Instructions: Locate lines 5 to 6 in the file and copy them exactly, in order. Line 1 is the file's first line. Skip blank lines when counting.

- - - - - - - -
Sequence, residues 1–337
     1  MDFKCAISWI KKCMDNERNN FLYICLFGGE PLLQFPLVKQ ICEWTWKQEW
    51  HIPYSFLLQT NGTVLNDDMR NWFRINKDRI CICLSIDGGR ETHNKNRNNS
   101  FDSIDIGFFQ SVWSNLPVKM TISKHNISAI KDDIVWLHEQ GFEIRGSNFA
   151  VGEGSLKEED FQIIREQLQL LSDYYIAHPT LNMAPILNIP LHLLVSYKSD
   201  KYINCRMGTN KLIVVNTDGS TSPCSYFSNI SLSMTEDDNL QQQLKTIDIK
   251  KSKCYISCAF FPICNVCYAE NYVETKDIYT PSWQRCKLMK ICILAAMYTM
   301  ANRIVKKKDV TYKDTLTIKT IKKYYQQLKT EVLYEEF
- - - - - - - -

   151  VGEGSLKEED FQIIREQLQL LSDYYIAHPT LNMAPILNIP LHLLVSYKSD
   201  KYINCRMGTN KLIVVNTDGS TSPCSYFSNI SLSMTEDDNL QQQLKTIDIK